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Assign a different drive letter

On a win95/98 system, how do you either assign a different drive letter than the default, or map a network drive to itself?

thanks
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acoker
Asked:
acoker
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1 Solution
 
MirkwoodCommented:
For CDRom see http://cssweb.nectech.com/cdmsscsi/dvrltr95.htm
this can be done in the control panel system settings.

Network drives can just be mapped using any system. Just use attach and detach commands in the context menu.

For harddisk I don't think that it is possible
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acokerAuthor Commented:
I have not found a way to map a network drive to itself, am I missing something? or is this not possible?  I believe you are correct, there is not a way, within windows to change the drive letter of a fixed disk, but is there possibly another solution ?

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MirkwoodCommented:
How do you mean map a netwerk drive to itself?
Map a network drive P to to letter X?
No that's not possible. You can map X to the same destination as P of course.
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j_powersCommented:
95/98 does not have an option to assign drive letters. If you are looking to change the CD ROM, then install your Real mode CD rom drivers, then go into autoexec.bat, and change the MSCDEX line to be a different drive. If you want a hard drive to be a different letter, then you will have to get a 3rd party program to manage that. win95/98 does not do that because of their "Plug and play" capability. WinNT does manage drive letters because of the Networking capabilities.

As for mapping a drive on the system, the only way you could do that, is connect to a network, share the drive you want remapped, then map the drive through the network (using \\[your computer]\[drive])

Good Luck
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acokerAuthor Commented:
how do you cancel a question?
just a note, you cannot map a network drive to yourself, however my needs are met by a win95/98 command "subst" which effectively mapps a drive letter to a local drive/directory..

thanks.
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OttaCommented:
> how do you cancel a question?

Since an "answer" has been proposed, you no longer can remove the question.

Instead, to remove it, post a 'zero' points question
into the "Customer Service" area.

Or, ask one of the "experts",  who has taken their time to provide comments, to post an "answer",
and then award the points to that person,
in appreciation of their efforts.

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j_powersCommented:
You also have a delete option. But I am curious as to why you rejected my answer?
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Jason_SCommented:
j_powers:  Yes you can change the drive letter of a CD-ROM without using Real Mode drivers.  This is done through Device Manager.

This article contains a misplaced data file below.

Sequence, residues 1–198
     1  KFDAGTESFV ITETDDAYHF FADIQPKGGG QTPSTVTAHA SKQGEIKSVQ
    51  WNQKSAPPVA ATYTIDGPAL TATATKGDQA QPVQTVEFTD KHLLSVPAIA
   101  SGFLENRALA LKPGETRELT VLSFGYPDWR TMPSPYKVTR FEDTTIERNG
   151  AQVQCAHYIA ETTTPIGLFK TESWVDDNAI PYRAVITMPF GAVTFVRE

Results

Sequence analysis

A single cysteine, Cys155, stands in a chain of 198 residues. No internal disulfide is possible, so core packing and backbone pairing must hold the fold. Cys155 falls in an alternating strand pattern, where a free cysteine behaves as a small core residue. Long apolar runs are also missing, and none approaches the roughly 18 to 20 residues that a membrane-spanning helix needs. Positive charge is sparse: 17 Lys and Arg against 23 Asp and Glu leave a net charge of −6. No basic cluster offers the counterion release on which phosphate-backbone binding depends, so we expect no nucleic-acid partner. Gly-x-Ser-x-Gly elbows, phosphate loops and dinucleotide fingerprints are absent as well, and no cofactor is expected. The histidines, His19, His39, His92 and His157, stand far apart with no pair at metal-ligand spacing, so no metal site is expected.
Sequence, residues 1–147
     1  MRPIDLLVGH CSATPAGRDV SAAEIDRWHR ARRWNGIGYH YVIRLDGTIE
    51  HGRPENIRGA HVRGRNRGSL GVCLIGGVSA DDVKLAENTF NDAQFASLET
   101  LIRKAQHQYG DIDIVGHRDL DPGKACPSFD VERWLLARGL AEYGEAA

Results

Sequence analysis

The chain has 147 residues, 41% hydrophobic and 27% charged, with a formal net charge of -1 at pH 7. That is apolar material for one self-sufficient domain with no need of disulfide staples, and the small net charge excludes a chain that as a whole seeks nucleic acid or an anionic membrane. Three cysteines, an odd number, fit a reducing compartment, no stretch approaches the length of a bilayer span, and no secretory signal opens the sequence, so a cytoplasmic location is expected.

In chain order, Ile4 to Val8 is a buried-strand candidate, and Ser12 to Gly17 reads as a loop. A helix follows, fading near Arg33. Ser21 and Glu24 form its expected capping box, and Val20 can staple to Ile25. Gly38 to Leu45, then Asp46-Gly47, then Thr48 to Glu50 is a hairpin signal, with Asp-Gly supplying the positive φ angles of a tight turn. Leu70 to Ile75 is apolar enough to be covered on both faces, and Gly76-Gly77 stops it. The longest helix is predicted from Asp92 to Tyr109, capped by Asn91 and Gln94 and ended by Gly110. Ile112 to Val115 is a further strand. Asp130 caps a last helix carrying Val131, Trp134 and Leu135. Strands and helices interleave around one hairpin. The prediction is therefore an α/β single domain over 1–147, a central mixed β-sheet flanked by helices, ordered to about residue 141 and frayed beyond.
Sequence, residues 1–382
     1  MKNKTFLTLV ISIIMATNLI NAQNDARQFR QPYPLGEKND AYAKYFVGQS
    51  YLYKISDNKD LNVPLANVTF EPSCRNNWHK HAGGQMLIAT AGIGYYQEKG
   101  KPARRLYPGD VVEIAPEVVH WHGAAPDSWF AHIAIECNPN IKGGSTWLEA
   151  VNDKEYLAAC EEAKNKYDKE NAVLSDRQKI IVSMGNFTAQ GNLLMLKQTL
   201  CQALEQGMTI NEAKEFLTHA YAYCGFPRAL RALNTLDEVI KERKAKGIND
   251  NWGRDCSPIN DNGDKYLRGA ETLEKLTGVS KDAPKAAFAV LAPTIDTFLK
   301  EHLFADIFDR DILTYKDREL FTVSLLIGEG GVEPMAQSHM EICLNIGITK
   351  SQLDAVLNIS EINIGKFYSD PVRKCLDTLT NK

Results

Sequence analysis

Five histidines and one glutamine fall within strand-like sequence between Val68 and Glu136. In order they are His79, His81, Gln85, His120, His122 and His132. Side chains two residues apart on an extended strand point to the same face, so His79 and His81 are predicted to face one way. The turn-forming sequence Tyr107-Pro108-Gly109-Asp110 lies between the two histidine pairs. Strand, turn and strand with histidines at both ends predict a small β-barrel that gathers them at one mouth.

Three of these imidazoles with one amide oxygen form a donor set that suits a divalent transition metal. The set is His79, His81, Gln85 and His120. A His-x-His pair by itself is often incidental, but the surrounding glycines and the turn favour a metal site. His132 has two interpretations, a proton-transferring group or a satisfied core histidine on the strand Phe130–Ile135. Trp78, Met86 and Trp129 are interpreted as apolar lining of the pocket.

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vidrineCommented:
Of course, I'm assuming you're NOT speaking of CD-Roms, which can be changed in Control PanelDevice Manager.

There are two ways you could assign another drive letter to a hard drive, the first would require a network card being installed with appropriate networking drivers.  The other, quite easy, is using the old DOS SUBST command.  I.e.  to assign the letter I: to your C:\, you would use "SUBST I: C:\".  To have this exist always, simply add the command to your autoexec.bat. To undo the assignment, "SUBST I: /d"

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j_powersCommented:
Jason_S

Not all drivers let you do that that way.

vidrine:

Didn't you even read the history? That was already mentioned by acocker. Nonetheless, doing the Subst command is letting DOS handle your drives instead of windows.
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Jason_SCommented:
j_powers:  Not all Windows 9X drivers (from Device Manager)?  I have not run into this myself.  Most CD-ROM drives I could change the drive letter through Device Manager.  Not saying your wrong, I just haven't run into this myself.
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j_powersCommented:
Only the older 1x, 2x and a couple 4x's did that. Of course, they were a pain to set up to begin with...
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Jason_SCommented:
??  My 24X, and my CD Writer will both let me do this.  If you go into the CD-ROM properties, and go to the Settings tab, you can set Start, and End drive letters.  Using this , you can change the drive letter of the device.
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j_powersCommented:
OK.
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Jason_SCommented:
Does this work for you j_powers?  I think we were on diffrent pages.  : )

acoker:  Any progress with this?
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j_powersCommented:
No, it does. I am just saying that there are CD drivers that don't allow this letter to be changed. I remember back when I was doing 95 support, we had to change a guy's CD Rom through the real mode drivers, and also another ini file in Windows.


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acokerAuthor Commented:
thankx.
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